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Owner of illegal dump is fined

Federal judge orders the $46.9-million cleanup of site in Coachella Valley that closed after the EPA found toxic materials.

March 23, 2007|David Kelly | Times Staff Writer

A federal judge in Riverside on Thursday fined the owner of a notorious illegal dump and ordered him to pay $46.9 million to clean up the site, which officials say represents a serious threat to the residents and environment of the Coachella Valley.

The 40-acre dump in Thermal, owned by Kim Lawson, was closed in August after the Environmental Protection Agency found arsenic, asbestos, dioxin, PCBs and other toxic materials as a result of burning such items as paint cans and wood treated with hazardous chemicals.

It is the biggest dump on the sprawling Torres Martinez Desert Cahuilla Indians reservation near the Salton Sea.

"There is over a million tons of buried waste at Lawson's," said Scott Walker of the California Integrated Waste Management Board. "If the combustibles on the surface ignite, it could cause a huge fire. It is one of the most challenging sites in the state."

There have been 20 fires at the dump since U.S. District Judge Stephen Larson ordered it closed. Most resulted from spontaneous combustion, but others are considered suspicious, fire officials said.

Larson also fined Lawson and co-defendants Torlaw Realty Inc. $2.36 million in civil penalties and ordered them to pay $1.8 million to the Riverside County Fire Department as reimbursement for responding to fires at the site.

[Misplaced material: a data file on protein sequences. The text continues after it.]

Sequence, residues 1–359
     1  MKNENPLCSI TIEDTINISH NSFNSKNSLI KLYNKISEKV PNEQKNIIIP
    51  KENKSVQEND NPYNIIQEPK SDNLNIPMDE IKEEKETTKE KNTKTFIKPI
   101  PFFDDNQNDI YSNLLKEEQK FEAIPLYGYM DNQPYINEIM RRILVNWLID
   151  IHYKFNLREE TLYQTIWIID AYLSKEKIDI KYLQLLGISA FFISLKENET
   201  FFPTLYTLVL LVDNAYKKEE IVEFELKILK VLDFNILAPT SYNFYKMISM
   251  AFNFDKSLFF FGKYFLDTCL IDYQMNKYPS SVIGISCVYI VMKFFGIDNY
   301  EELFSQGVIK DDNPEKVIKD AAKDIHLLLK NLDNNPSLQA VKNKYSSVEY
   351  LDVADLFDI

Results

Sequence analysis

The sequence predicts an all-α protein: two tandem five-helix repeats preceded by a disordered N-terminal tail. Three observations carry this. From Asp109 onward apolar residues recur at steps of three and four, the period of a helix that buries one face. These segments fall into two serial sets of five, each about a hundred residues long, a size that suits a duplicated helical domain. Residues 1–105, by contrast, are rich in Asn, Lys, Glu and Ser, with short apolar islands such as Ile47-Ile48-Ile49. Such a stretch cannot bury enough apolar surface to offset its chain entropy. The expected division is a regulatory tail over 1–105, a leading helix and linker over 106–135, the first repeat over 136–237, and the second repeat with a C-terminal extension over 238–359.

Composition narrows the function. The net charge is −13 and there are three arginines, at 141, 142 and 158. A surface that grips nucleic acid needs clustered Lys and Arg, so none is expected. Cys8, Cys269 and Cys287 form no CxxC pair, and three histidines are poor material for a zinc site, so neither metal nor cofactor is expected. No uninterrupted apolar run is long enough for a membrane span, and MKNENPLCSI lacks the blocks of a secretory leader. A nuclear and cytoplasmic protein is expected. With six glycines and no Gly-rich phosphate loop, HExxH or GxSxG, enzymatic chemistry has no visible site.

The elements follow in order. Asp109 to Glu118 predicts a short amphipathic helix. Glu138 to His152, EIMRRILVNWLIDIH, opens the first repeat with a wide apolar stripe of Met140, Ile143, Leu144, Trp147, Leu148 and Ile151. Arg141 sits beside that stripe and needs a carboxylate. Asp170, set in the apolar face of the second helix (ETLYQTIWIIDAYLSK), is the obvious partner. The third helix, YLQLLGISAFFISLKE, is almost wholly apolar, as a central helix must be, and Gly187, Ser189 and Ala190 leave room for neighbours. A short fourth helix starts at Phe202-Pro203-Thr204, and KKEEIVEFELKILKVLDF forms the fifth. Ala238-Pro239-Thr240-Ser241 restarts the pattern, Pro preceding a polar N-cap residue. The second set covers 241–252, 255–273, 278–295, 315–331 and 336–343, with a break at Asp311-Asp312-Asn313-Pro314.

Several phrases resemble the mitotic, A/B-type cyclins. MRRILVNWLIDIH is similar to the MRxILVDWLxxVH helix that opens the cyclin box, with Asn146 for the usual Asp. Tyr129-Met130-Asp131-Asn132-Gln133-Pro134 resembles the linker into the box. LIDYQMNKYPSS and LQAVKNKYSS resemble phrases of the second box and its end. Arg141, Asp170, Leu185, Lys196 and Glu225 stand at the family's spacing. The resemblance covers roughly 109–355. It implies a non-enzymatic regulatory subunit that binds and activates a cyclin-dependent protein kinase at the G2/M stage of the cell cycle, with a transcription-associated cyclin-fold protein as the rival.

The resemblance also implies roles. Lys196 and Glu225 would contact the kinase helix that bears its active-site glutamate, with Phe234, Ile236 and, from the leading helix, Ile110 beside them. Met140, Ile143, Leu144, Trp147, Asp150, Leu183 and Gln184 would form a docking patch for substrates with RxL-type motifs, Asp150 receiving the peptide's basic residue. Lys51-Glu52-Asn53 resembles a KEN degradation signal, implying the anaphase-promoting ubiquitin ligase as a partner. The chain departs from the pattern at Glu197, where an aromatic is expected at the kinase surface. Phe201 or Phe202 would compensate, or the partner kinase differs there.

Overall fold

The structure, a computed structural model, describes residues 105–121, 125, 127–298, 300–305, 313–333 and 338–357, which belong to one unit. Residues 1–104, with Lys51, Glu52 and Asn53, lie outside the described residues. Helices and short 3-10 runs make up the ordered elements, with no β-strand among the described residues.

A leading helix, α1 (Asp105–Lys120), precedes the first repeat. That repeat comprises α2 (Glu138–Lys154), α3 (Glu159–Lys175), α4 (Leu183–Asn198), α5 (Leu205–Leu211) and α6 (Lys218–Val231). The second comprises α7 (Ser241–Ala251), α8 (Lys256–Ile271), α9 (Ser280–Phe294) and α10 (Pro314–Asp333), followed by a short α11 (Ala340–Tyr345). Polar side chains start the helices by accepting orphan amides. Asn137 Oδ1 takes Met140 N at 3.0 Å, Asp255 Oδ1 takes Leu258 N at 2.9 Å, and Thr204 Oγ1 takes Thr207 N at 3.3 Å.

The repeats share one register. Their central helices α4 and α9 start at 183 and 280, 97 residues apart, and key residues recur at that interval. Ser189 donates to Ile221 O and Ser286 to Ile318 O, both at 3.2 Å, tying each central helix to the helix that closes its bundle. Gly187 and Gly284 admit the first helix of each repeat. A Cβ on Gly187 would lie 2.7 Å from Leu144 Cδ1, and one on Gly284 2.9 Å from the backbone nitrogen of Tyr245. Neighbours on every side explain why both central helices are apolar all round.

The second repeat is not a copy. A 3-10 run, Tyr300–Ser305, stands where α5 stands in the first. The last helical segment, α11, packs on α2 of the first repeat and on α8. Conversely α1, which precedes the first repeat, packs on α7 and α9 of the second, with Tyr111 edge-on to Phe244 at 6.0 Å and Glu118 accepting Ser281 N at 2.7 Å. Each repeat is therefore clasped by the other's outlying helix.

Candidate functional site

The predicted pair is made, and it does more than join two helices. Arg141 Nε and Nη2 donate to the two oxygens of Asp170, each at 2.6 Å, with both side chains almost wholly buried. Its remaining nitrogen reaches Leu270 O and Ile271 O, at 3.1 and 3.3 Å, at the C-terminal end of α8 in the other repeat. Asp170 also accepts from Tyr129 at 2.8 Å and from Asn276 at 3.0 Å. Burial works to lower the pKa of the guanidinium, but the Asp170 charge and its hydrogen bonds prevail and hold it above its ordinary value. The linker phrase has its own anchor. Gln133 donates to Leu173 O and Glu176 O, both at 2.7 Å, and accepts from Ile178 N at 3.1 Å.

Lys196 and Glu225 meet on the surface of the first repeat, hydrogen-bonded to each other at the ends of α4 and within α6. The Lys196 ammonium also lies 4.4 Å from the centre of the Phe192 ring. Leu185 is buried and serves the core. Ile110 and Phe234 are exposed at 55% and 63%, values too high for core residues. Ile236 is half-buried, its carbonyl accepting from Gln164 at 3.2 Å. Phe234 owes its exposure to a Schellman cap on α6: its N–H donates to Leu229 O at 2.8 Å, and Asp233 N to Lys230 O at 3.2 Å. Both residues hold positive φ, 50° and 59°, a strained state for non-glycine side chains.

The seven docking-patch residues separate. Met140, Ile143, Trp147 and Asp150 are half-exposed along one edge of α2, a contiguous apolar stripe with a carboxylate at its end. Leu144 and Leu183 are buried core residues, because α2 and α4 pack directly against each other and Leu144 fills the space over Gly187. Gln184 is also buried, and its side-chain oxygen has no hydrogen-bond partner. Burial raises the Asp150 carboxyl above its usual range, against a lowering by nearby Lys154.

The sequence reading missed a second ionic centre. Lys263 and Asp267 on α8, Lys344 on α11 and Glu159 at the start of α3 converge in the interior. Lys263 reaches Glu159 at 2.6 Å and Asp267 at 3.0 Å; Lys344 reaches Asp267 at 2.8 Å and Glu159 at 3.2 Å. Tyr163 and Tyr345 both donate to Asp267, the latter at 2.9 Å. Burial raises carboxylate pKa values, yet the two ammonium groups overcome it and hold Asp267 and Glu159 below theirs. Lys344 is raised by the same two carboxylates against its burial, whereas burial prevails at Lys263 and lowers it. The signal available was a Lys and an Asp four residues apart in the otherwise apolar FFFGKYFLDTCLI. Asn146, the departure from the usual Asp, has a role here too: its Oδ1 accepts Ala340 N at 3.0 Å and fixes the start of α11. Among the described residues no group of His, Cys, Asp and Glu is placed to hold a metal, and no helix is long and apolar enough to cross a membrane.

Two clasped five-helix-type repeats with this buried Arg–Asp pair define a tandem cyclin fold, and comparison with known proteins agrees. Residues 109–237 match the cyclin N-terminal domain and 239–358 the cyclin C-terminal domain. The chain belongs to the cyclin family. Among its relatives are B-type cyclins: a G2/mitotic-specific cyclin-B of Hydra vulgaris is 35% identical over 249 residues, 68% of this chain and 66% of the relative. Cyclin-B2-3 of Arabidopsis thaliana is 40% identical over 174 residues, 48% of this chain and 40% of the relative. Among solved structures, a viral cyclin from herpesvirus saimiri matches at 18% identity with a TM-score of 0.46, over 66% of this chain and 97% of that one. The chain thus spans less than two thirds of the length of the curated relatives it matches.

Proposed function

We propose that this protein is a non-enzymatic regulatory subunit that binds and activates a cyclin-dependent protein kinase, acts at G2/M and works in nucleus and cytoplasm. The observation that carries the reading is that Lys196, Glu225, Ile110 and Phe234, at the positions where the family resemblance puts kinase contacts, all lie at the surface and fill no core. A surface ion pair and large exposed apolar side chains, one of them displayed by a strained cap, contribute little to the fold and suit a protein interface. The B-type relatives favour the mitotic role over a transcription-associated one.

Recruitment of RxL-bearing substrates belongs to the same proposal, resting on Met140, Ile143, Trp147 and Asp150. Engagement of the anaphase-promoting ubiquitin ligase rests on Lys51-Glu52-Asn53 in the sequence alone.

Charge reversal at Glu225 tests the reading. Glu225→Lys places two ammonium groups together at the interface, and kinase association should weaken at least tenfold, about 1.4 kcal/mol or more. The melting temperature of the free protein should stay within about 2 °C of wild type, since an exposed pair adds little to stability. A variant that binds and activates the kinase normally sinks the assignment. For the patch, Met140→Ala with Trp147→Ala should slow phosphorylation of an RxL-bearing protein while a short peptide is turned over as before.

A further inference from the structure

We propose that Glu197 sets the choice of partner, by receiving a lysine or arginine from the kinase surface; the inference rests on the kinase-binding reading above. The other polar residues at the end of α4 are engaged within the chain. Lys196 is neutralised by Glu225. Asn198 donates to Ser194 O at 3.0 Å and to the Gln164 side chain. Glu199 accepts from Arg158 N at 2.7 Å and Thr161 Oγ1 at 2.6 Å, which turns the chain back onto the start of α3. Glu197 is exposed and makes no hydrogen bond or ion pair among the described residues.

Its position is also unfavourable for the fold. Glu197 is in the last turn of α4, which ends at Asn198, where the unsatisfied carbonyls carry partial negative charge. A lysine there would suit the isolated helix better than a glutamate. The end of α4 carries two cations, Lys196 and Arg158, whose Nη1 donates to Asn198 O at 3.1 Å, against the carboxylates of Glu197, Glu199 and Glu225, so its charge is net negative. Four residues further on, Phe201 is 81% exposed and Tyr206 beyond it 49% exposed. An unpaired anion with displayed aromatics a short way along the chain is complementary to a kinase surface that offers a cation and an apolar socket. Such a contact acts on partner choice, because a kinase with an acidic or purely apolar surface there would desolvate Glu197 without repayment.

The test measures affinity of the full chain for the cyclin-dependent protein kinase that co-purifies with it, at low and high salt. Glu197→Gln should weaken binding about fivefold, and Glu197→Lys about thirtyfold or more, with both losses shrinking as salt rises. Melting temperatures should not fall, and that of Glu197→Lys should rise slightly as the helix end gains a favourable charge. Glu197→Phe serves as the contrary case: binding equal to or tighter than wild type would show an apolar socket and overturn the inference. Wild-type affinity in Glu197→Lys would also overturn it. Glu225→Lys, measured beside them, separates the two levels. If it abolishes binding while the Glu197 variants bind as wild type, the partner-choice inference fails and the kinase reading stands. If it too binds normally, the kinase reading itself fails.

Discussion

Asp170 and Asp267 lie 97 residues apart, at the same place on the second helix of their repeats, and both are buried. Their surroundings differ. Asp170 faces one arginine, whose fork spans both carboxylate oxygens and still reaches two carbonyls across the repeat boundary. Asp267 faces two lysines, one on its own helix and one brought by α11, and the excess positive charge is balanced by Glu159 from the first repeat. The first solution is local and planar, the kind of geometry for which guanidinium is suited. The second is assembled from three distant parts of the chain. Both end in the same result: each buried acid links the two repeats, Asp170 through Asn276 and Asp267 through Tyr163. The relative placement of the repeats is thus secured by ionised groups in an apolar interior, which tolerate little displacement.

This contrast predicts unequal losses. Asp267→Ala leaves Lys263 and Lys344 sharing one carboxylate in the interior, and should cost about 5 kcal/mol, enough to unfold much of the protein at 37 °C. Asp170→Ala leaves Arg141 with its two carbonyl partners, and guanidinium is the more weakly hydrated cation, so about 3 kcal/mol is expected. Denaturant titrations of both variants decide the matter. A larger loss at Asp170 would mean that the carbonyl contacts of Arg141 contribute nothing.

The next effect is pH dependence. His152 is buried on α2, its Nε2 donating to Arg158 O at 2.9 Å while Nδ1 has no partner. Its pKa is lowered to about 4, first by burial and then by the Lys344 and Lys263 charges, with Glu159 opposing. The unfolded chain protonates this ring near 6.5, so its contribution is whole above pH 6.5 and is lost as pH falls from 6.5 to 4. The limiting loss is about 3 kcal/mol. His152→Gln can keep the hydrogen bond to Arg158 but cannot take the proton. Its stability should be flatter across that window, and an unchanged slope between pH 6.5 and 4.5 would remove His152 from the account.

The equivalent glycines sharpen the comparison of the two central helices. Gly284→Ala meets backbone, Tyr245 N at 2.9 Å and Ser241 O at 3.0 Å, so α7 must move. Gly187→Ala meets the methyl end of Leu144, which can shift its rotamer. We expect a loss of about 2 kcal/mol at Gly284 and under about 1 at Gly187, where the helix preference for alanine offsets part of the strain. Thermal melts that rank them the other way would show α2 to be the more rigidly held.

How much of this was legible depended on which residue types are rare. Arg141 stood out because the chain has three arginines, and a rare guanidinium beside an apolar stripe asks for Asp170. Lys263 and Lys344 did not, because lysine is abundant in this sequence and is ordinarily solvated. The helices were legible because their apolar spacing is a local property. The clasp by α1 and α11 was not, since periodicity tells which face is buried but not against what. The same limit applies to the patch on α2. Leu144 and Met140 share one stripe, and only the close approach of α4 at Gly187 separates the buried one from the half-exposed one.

Nine firefighters have been injured battling the blazes. Some have complained of increased headaches and stomachaches, possibly because of inhaling toxic smoke, according to the U.S. attorney's office, which joined forces with the EPA and the Bureau of Indian Affairs four years ago to sue the dump and now wants Lawson to help cover the cost of cleaning it up.

Federal officials say the cleanup could ultimately cost more than $100 million.

The facility sits beside Desert Mobile Home Park, which houses more than 4,000 people, and is within two miles of 5,600 students attending elementary, middle and high schools. A fire at the site last year nearly led to the evacuation of the students.

"There are several illegal dumps operating on the reservation, and this judgment gives the EPA and the Bureau of Indian Affairs another way to convince people to shut them down," said Assistant U.S. Atty. Jonathan Klinck, a prosecutor on the case.

Lawson, a member of the Torres Martinez tribe, declared bankruptcy shortly after his business was closed. Klinck will ask a judge next week to forbid Lawson from passing the multimillion-dollar judgment onto the government.

Neither Lawson nor his attorney could be reached for comment Thursday.

Illegal dumping is a major problem on the vast, sparsely populated Torres Martinez reservation and has led to a high-profile campaign to get tough on violators.

The EPA has shut down 10 of the 20 dump sites on the reservation. Last week, it charged George AuClair with violating federal waste laws by operating an illegal dump.

"This decision today is sending a message that illegal dumping is unacceptable and the U.S. government will pursue you through the courts," said EPA attorney Letitia Moore. "It's going to be a long process to figure out what is there and what can and can't be done with it."


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